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Arthur Douglas Crease Letters, Diaries and Scrapbooks

Letters from Arthur Douglas Crease of Victoria to his brother Lindley Crease and his mother Sarah Crease; instructions for the offensive of July 26, 1917; a regimental notebook, diaries and scrapbook. Learn more.

*All transcriptions are provided by volunteers, and the accuracy of the transcriptions is not guaranteed. Please be sure to verify the information by viewing the image record, or visiting the BC Archives in person. 

BC Archives MS-0055BC Archives MS-2879



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...with the distress that attended its opening. They taxed themselves to relieve it and gave of their time and sympathy as well as of their money. When it looked as if the tax-payers would have to bear heavy burdens without any corresponding increase of income they willingly submitted to a decrease of salaries and they were the last to profit by the raise in the scale of wages. In the Red Cross work, women teachers and their pupils did their share. In estimating the value of the services of teachers account should be taken of the material with which they work. Kindness and gratitude as well as money are due to the faithful teacher. No salary can pay for the love bestowed upon children or the interest in their welfare. On the other hand the harm a bad teacher may do is irremediable. These are the things which make the work of teachers differ from that of all other laborers . It is not enough that they know their subjects thoroughly and teach them skillfully. Above and beyond, all this is the spiritual in-fluence, the personality which per-meates all the words and deeds and is felt in the tones of the voice and seen in the expression of the face, nay, which makes the atmosphere of the schoolroom. In every school in our city there are teachers who are doing their utmost to fulfil the sacred duty en-trusted to them. They are not perfect but require guidance and counsel but more, perhaps, they need the sympathy and appreciation of parents in whose stead they labor, and the encouragement of the com-munity whose future welfare their labors advance. Victoria has many claims to be the chief residential city of Canada. Of these none are more important than the excellence of her public schools and the efficiency and faithfulness of her school teachers. To increase these should be the aim of all good citizens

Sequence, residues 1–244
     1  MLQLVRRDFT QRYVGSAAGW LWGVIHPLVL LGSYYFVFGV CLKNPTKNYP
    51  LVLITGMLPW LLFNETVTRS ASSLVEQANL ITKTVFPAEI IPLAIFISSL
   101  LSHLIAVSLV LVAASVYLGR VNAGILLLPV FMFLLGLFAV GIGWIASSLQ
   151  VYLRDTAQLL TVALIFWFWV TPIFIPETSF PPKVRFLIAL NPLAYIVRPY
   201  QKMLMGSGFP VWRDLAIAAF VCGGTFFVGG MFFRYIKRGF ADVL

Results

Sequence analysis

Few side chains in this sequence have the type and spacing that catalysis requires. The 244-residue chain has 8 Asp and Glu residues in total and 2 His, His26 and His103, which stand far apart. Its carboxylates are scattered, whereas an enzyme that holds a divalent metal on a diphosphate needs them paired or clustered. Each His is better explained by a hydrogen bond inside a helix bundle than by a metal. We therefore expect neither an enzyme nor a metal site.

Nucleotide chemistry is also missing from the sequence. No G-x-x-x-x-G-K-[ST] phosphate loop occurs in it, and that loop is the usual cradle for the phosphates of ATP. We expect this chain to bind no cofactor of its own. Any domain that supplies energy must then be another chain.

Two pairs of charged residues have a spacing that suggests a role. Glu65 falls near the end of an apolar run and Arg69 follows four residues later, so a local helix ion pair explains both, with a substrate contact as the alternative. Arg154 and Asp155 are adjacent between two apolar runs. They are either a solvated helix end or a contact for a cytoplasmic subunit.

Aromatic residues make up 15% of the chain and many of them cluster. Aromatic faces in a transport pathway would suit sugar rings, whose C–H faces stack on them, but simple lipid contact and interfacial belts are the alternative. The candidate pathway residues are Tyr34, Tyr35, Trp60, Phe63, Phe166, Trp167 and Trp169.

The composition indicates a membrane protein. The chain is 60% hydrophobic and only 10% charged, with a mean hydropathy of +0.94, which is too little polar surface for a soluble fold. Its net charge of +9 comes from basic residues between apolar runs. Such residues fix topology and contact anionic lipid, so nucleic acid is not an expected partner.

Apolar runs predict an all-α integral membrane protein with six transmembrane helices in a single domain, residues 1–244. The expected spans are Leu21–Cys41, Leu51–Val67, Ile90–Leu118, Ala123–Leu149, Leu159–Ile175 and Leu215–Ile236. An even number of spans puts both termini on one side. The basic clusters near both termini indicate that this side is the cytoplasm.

Canada's Final Effort in the Last One Hundred Days By a Special Correspondent in the London Times